People in crisis do better with their pets

A La Trobe University researcher says victims of domestic violence, sufferers of chronic illness and those facing significant cost of living pressures all do better when able to keep their pets or companion animals.

Evidence shows human and pet support services should be integrated to avoid people having to relinquish their pets in a time of crisis. Keeping them often results in better health outcomes for both the owner and animal.

Sonya McDowall, a PhD student presenting her research at the Big Hairy People & Pets Summit and Workshops on the Gold Coast 10 – 14 October, wants policy makers to understand the documented positive outcomes when human support services work with animal support services.

“It’s cost-effective for the community, and people are healthier if they can keep their animals during a time of crisis,” Sonya McDowall said.

“Social, physical and economic factors affecting human health can easily flow onto pets and companion animals.”

A 2020 survey by Domestic Violence NSW found that 42 per cent of respondents said victim-survivors delayed leaving a perpetrator for over 12 months due to barriers to accessing support related to their animals.

A recent US survey showed 91 per cent of people had experienced some degree of financial stress in the past year related to the cost of pet care.

Statistics from relevant research

  • In Australia, social return on investment for programs that support people experiencing a crisis to help keep their companion animal is $8.21 for each $1 invested, (Source: Emergency Animal Boarding: A Social Return on Investment)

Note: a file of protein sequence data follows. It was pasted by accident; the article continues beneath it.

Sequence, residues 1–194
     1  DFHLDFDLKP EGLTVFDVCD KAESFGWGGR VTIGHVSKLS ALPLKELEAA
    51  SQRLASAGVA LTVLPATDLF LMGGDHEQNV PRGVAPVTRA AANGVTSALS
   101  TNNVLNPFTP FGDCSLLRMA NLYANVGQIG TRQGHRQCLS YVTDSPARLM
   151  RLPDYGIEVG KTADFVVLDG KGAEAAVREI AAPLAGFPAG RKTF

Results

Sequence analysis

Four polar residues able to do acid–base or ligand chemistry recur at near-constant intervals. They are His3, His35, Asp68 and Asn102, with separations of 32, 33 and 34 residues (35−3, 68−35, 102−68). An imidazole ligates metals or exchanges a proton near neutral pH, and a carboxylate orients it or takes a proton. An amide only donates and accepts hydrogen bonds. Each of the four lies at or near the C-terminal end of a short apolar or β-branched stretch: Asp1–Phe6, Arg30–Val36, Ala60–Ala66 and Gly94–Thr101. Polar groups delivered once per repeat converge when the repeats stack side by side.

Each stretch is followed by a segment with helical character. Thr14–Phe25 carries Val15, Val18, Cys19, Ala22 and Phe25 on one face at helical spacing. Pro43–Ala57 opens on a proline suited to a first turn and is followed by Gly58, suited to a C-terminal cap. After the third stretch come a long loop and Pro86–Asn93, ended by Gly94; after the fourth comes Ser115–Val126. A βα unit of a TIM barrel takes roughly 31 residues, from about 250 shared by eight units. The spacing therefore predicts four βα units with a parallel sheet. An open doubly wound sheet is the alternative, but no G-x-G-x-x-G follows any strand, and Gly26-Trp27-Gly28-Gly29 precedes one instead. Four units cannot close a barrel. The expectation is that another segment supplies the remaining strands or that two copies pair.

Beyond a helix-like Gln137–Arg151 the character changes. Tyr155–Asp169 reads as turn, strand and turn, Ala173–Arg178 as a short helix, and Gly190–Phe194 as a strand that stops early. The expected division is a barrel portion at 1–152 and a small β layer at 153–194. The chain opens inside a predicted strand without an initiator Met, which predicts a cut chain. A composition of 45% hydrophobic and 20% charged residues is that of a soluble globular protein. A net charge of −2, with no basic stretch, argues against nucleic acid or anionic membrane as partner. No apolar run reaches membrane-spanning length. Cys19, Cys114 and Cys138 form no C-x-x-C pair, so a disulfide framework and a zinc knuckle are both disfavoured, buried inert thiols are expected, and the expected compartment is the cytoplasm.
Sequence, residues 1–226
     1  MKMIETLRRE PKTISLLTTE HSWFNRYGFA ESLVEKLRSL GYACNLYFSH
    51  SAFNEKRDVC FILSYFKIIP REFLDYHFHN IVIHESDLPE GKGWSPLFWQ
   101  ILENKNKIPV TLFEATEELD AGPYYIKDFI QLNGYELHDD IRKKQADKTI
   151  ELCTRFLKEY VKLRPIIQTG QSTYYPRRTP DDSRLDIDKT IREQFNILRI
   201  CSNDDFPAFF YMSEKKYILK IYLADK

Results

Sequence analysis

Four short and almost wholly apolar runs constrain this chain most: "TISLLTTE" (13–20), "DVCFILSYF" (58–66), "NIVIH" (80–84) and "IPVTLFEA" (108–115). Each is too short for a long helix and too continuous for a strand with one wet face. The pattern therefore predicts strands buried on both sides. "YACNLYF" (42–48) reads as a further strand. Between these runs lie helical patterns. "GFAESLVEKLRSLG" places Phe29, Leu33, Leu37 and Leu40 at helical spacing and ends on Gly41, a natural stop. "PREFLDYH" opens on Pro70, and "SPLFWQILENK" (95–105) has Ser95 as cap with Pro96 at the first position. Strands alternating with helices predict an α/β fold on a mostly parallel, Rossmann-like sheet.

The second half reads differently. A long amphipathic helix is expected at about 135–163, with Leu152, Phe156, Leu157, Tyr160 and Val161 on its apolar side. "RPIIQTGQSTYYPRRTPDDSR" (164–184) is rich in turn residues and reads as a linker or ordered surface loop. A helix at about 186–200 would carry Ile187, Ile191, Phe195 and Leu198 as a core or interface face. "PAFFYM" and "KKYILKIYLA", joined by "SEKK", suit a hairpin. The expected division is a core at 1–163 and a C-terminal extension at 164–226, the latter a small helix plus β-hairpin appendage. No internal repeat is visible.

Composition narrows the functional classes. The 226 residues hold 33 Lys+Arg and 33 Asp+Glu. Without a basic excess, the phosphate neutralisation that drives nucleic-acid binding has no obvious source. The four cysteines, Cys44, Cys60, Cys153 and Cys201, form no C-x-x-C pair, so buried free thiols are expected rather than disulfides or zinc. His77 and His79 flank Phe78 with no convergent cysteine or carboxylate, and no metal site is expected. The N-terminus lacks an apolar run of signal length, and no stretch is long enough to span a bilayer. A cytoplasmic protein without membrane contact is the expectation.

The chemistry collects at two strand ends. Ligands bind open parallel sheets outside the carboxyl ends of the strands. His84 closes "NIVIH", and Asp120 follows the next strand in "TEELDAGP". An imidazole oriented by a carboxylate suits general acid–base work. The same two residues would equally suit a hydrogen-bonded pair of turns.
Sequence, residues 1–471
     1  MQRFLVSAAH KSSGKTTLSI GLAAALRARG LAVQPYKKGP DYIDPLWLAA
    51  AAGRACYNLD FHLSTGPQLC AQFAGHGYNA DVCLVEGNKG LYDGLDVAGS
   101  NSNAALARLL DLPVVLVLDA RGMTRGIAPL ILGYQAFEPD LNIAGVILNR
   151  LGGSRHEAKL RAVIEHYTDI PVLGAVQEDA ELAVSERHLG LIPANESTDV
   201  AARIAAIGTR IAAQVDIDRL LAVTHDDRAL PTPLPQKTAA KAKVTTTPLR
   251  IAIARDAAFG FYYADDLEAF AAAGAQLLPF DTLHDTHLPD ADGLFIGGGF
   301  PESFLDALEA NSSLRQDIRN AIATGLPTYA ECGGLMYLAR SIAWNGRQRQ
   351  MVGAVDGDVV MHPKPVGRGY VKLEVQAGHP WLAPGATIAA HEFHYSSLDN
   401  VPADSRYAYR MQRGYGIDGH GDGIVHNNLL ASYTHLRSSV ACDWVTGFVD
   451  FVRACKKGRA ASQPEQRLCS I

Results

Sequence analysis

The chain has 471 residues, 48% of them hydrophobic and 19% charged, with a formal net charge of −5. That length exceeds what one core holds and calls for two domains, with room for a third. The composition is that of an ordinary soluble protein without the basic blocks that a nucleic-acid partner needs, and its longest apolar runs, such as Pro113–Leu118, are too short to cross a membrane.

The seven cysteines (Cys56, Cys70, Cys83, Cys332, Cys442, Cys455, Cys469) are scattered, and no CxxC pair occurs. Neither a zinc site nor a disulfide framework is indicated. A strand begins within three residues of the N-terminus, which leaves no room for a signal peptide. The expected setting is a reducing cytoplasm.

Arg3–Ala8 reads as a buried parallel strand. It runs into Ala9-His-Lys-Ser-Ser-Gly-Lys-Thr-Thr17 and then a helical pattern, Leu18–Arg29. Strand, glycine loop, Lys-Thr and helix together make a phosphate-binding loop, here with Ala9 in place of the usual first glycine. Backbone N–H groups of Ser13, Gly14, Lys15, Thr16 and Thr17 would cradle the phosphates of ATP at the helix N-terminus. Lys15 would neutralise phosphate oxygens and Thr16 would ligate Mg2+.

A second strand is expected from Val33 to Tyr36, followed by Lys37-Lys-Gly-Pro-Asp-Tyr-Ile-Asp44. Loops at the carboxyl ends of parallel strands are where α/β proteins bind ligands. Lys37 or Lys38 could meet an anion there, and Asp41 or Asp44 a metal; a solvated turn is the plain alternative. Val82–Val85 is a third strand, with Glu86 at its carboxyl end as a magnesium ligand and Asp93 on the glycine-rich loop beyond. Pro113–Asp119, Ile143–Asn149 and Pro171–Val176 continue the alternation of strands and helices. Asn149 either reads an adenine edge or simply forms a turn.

• Even before the cost of living and rental market crisis, a study in the United States found between 35.1% and 42.1% of participants relinquished their pet due to moving as the landlord would not allow pets. (Source: Moving as a reason for pet relinquishment: a closer look)
  • Studies have shown that between 26 per cent and 71 per cent of female companion animal guardians experiencing family violence reported that the offender had seriously harmed or killed the companion animal.
  • 48 per cent of domestic violence survivors are reportedly hesitant to escape their domestic violence environment  due to the fact of being concerned about what will happen to the family pet. (Source: An exploratory study of domestic violence: Perpetrators’ reports of violence against animals)
  • 18 - 48 per cent of domestic violence survivors have delayed entering a domestic violence shelter due to the presence of welfare concerns for their pet that they have had to leave behind. (Source)
  • Foodbank Australia hunger report 2022 highlighted that over half a million people in Australia are struggling with the cost of food; of this population 67 per cent have pets. This has resulted in a challenge for pet owners of which studies have reported between 30 per cent and 50 per cent of participants identifying that having access to low-cost or free pet food would have prevented them from relinquishing their pet.

Image: Sonya McDowall with her pet dog Dashii.

Media: Courtney Carthy-O'Neill,, +61 487 448 734 or the Media Team